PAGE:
What is Growth Equity?
Growth Equity is defined as acquiring minority interests in late-stage companies exhibiting high growth, in an effort to fund their plans for continued expansion.
Often referred to as growth or expansion capital, growth equity firms seek to invest in companies with established business models and repeatable customer acquisition strategies.
- What is the definition of growth equity?
- Which types of companies are targeted by growth equity funds?
- How does growth equity differ from venture investing and control buyouts?
- What are the main return drivers of growth capital investments?
Table of Contents
- Growth Equity Overview
- Growth Equity: Target Investment Criteria
- Investment Attributes
- Commercialization Stage
- Financial Profile – Growth Stage
- Growth Equity Investment Structure
- Partnership in Growth Equity
- Growth Equity Investor Value-Add
- Aligned Interests in Growth Equity
- Growth Equity vs. Venture Capital / Buyouts
- Growth Equity vs. Venture Capital (VC)
- Growth Equity vs. Leveraged Buyouts (LBOs)
- Product, Execution & Default Risk Considerations
Growth Equity Overview
Growth equity is intended to provide expansion capital for companies exhibiting positive growth trends.
For the most part, all early-stage companies, at some point in their development process, eventually need assistance either in the form of an equity investment or operational guidance.
Growth equity firms invest in companies that have already obtained traction in their respective markets but still need additional capital to reach the next level.
The reluctance to accept external guidance or capital can prevent a company from realizing its full potential or capitalizing on opportunities that lie ahead.
With a growth equity investment, growth-stage companies can sustain or accelerate their growth trends by further disrupting and establishing defensible market positions.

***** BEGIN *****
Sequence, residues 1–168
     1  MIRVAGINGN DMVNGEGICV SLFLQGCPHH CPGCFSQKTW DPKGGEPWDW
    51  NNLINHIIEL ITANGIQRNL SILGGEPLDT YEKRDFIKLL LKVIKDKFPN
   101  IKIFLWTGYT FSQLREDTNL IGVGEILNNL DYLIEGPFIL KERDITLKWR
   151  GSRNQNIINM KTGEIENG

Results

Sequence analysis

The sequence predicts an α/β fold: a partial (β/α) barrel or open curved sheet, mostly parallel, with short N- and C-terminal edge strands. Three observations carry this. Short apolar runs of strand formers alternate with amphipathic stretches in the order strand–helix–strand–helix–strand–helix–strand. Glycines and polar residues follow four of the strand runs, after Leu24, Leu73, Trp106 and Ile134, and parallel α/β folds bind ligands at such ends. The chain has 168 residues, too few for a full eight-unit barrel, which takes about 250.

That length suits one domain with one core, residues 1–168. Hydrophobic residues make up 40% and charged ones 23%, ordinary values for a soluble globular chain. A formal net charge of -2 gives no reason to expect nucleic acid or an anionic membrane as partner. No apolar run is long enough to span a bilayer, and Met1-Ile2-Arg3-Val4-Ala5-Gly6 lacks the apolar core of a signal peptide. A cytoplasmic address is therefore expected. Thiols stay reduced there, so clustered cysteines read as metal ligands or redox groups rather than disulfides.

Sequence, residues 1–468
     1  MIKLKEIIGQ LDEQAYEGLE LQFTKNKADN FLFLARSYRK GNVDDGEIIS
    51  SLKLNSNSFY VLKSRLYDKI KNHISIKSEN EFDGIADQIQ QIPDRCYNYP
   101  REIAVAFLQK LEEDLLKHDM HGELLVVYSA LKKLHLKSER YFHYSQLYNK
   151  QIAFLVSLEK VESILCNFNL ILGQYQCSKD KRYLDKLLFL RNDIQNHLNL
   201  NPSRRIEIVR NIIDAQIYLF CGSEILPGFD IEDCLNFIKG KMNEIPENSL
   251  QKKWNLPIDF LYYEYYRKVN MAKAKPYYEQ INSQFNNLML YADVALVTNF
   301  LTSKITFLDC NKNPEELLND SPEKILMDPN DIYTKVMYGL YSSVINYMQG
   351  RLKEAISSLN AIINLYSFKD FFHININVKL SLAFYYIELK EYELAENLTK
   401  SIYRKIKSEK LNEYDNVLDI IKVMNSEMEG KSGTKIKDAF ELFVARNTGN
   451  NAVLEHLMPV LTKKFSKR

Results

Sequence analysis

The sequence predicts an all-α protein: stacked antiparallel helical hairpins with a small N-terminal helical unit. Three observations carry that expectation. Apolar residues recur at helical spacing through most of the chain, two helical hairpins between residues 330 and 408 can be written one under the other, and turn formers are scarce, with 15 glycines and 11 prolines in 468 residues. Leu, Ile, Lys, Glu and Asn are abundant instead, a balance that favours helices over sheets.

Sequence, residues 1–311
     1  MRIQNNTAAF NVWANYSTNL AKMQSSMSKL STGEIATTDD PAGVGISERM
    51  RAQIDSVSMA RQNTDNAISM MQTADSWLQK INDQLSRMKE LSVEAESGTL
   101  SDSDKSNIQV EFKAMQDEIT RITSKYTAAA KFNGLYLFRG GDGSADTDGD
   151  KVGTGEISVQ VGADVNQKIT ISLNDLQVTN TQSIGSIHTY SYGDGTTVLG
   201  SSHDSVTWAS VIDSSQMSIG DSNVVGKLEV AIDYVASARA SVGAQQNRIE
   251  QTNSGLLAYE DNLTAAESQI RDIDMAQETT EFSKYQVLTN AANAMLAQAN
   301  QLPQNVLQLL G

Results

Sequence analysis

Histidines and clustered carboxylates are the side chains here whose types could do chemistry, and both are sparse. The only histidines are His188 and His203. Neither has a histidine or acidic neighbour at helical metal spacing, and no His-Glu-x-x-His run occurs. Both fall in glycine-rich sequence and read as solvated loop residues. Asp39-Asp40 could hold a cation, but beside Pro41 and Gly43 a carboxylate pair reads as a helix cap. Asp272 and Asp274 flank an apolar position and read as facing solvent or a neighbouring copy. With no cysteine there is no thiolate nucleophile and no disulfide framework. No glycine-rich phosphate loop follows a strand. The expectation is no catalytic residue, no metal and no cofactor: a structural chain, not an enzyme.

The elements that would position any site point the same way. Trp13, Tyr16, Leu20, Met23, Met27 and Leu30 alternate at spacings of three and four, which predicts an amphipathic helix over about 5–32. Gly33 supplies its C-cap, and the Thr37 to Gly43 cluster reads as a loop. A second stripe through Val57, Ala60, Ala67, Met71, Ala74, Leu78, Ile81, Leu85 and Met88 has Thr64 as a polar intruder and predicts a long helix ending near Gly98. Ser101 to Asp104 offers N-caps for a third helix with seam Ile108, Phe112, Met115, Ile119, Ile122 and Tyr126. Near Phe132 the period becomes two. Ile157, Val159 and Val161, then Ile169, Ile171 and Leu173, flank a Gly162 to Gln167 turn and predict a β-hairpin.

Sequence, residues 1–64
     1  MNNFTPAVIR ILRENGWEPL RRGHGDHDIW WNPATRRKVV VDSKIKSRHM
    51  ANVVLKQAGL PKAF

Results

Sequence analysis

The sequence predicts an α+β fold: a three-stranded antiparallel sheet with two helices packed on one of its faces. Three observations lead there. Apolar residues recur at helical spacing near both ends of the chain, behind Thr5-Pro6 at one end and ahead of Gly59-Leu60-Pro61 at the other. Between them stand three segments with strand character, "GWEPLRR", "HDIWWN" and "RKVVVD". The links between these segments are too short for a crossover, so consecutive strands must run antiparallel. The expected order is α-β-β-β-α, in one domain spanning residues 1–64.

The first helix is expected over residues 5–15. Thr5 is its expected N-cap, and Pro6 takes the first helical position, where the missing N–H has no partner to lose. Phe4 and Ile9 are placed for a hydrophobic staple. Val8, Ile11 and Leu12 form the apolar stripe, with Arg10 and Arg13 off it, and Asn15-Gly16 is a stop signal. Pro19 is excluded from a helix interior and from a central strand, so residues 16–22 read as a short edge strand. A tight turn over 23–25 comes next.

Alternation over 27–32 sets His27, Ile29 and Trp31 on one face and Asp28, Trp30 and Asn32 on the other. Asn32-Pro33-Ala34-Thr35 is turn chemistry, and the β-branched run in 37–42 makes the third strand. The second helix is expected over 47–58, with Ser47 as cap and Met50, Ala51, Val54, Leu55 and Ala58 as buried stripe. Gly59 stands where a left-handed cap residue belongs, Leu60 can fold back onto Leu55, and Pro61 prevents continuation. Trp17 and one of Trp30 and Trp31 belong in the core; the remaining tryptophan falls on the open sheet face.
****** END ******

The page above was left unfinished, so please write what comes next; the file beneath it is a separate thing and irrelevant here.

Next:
Growth Equity: Target Investment Criteria
First and foremost, at the growth equity stage, the target company has already proven its value proposition as well as the existence of a product-market fit.
Growth equity firms invest in companies with proven business models that need the capital to fund a specified expansion strategy as outlined in their business plan.
Similar to early-stage start-ups, these high-growth companies are in the process of disrupting existing products/services in established markets. The difference is that the product/service has already been determined to be potentially feasible, the target market has been identified, and a business plan has been formulated – albeit there remains much room for improvements.
Because the company has raised capital (and can raise more if deemed necessary), the priority tends to become growth and capturing market share, often at the expense of profitability. By further cleaning up its business model, the company should be able to achieve profitability if it were to focus its efforts on the bottom line (profits) instead of just the top line (sales).
Companies that do not necessarily “require” the growth capital to continue operating (and thus the decision to accept the investment was discretionary) are ideal targets.
This signifies that the company has enough funding and/or cash flows to finance its expansion strategy. If a company requires the capital to survive, the rate at which it is burning through cash could be a negative signal that the market demand is just not there or management is misallocating the funds.
The type of company well-suited for a growth equity investment will have the following attributes:
The commercialization stage represents a developmental inflection point, where the value proposition and potential for product-market fit are validated, so the next step is to focus on execution, namely growth.
Otherwise known as the growth stage, the products/services of companies at this stage have begun to gain widespread adoption and their branding is starting to receive more recognition in its markets.
Revenue tends to climb and operating margins begin to expand with increased scale; however, the company is still likely far from being net cash flow positive (i.e., the “bottom line” has yet to turn a profit).
In theory, companies should have made tangible progress toward profitability. While most late-stage companies do indeed achieve decent levels of profitability, the competitive nature of certain industries often forces companies to continue to spend aggressively (i.e. on sales and marketing), thus keeping profitability levels low.
The unsustainable cash burn of growth-stage companies can frequently be attributed to their single-minded focus on revenue growth and capturing market share, as these companies usually have high capital expenditure requirements and working capital spending needs to sustain their growth and market share – therefore, minimal FCFs remain at the end of each period.
For these companies with unsustainable cash burn rates and significant re-investment needs, growth capital proceeds could be used to fund:
- Expansion into new markets to reach new customers and demographics
- Developing existing products/services (or adding on new features)